}
    ShowWork(false);
}

Uploading a file

Uploading a file goes the opposite way. The GetFileStreamForUpload method is used to ask the user for a file to upload. This file is then opened in a stream.

With that stream object in hands, we are now ready to call the PutAsync method of the GraphClient.Drive.Root.ItemWithPath object. The file will be uploaded in the selected folder of the TreeView.

Here is the most interesting part:

TODO show GetFileStreamForUpload & btnUpload_Click

Private Function GetFileStreamForUpload(ByVal pTargetFolderName As String, ByRef pOriginalFilename As String) As IO.Stream
    Dim dialog As OpenFileDialog = New OpenFileDialog With {.Title = "Upload to " & pTargetFolderName, .Filter = "All Files (*.*)|*.*", .CheckFileExists = True}
    Dim response = dialog.ShowDialog()
    If response <> DialogResult.OK Then
        pOriginalFilename = Nothing
        Return Nothing
    End If

    Try
        pOriginalFilename = IO.Path.GetFileName(dialog.FileName)
        Return New IO.FileStream(dialog.FileName, IO.FileMode.Open)
    Catch ex As Exception
        MessageBox.Show("Error uploading file: " & ex.Message)
        pOriginalFilename = Nothing
        Return Nothing
    End Try
End Function

Private Async Sub btnUpload_Click(sender As Object, e As EventArgs) Handles btnUpload.Click
    If CurrentFolder Is Nothing Then
        MessageBox.Show("Select a folder first")
        Return
    End If

    ShowWork(True)
    Dim targetFolder = CurrentFolder
    Dim filename As String
    Using stream = GetFileStreamForUpload(targetFolder.Name, filename)
        If stream IsNot Nothing Then
            Dim folderPath As String = If(targetFolder.ParentReference Is Nothing, "", targetFolder.ParentReference.Path.Remove(0, 12) & "/" + Uri.EscapeUriString(targetFolder.Name))
            Dim uploadPath = folderPath & "/" + Uri.EscapeUriString(IO.Path.GetFileName(filename))
            Try
                Dim uploadedItem = Await GraphClient.Drive.Root.ItemWithPath(uploadPath).Content.Request().PutAsync(Of DriveItem)(stream)
                RefreshNode()
                MessageBox.Show("Uploaded with ID: " & uploadedItem.Id)
            Catch exception As Exception
                PresentServiceException(exception)
            End Try
        End If
    End Using

    ShowWork(False)
End Sub
private System.IO.Stream GetFileStreamForUpload(string pTargetFolderName, out string pOriginalFilename)
{
    OpenFileDialog dialog = new OpenFileDialog
    {
        Title = "Upload to " + pTargetFolderName,
        Filter = "All Files (*.*)|*.*",
        CheckFileExists = true
    };
    var response = dialog.ShowDialog();
    if (response != DialogResult.OK)
    {
        pOriginalFilename = null;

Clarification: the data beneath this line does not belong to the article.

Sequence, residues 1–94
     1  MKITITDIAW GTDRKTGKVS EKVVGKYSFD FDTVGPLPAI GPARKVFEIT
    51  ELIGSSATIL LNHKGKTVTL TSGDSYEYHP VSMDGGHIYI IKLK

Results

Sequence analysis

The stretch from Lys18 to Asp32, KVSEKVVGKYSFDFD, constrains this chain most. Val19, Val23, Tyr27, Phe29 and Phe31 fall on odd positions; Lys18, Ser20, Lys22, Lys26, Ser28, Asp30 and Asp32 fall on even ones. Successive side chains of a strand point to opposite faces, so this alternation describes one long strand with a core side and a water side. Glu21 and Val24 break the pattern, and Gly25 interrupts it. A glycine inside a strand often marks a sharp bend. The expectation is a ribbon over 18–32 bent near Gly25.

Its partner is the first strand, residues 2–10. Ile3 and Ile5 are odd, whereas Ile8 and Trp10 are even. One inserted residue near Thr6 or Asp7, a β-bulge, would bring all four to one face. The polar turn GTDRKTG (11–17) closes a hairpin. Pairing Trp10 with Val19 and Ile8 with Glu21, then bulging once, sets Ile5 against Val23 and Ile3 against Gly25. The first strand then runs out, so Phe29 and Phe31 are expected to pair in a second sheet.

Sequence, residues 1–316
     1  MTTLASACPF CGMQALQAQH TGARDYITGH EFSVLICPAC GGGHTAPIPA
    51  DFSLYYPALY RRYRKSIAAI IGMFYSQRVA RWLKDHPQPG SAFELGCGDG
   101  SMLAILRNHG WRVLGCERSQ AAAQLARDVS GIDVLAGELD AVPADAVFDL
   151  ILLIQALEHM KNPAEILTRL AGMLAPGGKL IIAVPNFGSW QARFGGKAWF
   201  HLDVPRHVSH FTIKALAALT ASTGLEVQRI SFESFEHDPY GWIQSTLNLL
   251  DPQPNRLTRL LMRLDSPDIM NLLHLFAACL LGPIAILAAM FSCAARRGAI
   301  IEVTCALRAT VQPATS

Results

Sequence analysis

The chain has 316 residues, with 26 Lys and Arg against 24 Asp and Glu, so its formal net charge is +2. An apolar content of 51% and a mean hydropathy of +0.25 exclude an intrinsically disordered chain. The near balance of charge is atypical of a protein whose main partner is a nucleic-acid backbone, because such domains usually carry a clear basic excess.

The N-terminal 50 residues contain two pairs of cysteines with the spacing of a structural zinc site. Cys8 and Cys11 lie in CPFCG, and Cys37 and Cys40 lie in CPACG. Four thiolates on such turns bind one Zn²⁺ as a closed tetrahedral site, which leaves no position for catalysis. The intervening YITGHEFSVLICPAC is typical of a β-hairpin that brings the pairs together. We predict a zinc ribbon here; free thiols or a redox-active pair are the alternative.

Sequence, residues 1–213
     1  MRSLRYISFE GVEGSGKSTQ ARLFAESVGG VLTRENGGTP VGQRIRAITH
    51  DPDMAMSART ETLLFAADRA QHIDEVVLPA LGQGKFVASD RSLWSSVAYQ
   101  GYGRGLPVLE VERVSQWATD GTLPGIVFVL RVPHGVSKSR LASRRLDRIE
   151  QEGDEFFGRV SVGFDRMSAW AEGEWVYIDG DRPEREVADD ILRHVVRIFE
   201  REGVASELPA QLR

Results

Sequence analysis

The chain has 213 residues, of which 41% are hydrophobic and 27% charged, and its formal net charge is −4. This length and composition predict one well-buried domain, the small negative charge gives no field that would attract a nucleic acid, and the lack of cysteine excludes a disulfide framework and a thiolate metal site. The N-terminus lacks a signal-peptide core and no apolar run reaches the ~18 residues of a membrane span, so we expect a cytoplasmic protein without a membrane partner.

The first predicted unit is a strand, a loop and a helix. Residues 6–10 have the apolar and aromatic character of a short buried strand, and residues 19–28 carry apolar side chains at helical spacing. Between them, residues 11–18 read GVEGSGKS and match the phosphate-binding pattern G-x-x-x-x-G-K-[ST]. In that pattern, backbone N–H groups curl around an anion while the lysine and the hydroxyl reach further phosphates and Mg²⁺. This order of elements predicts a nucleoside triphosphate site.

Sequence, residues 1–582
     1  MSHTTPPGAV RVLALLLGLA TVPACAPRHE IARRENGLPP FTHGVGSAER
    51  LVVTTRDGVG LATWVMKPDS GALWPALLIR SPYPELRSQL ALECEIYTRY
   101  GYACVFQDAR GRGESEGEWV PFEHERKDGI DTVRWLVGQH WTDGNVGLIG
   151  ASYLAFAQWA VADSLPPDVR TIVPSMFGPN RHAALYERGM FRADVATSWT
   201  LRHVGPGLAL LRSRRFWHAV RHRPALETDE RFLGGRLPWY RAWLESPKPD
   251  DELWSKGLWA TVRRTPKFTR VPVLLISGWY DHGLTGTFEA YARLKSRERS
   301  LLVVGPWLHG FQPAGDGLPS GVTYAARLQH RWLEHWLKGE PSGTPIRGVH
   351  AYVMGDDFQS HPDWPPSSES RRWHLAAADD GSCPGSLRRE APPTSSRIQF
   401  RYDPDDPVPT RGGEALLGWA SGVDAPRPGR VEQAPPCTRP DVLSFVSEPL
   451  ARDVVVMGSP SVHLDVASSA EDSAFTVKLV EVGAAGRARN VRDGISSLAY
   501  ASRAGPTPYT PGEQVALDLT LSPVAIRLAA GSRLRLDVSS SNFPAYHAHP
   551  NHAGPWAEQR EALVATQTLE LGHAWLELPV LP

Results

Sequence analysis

return null;
    }

    try
    {
        pOriginalFilename = System.IO.Path.GetFileName(dialog.FileName);
        return new System.IO.FileStream(dialog.FileName, System.IO.FileMode.Open);
    }
    catch (Exception ex)
    {
        MessageBox.Show("Error uploading file: " + ex.Message);
        pOriginalFilename = null;
        return null;
    }
}

private async void btnUpload_Click(object sender, EventArgs e)
{
    if (CurrentFolder == null)
    {
        MessageBox.Show("Select a folder first");
        return;
    }
    ShowWork(true);
    var targetFolder = CurrentFolder;

    string filename;
    using (var stream = GetFileStreamForUpload(targetFolder.Name, out filename))
    {
        if (stream != null)
        {
            // Since the ItemWithPath method is available only at Drive.Root, we need to strip
            // /drive/root: (12 characters) from the parent path string.
            string folderPath = targetFolder.ParentReference == null
                ? ""
                : targetFolder.ParentReference.Path.Remove(0, 12) + "/" + Uri.EscapeUriString(targetFolder.Name);
            var uploadPath = folderPath + "/" + Uri.EscapeUriString(System.IO.Path.GetFileName(filename));

            try
            {
                var uploadedItem = await GraphClient.Drive.Root.ItemWithPath(uploadPath).Content.Request().PutAsync<DriveItem>(stream);
                RefreshNode();
                MessageBox.Show("Uploaded with ID: " + uploadedItem.Id);
            }
            catch (Exception exception)
            {
                PresentServiceException(exception);
            }
        }
    }
    
    ShowWork(false);
}

Conclusion

It might not be a perfect solution just yet. Don’t forget that some libraries used here are still in pre-release.

Of course, there are other (easier) ways. For example, if you sync your OneDrive to your local hard drive, anything written or deleted from there will automatically be reflected to your cloud. It is much easier to interact with a local folder than it is with the Cloud.

But many people with small ultra-books don’t have the luxury of having a local copy of their OneDrive locally (disk space is often limited).

I also encourage you to visit the OneDrive Dev Center.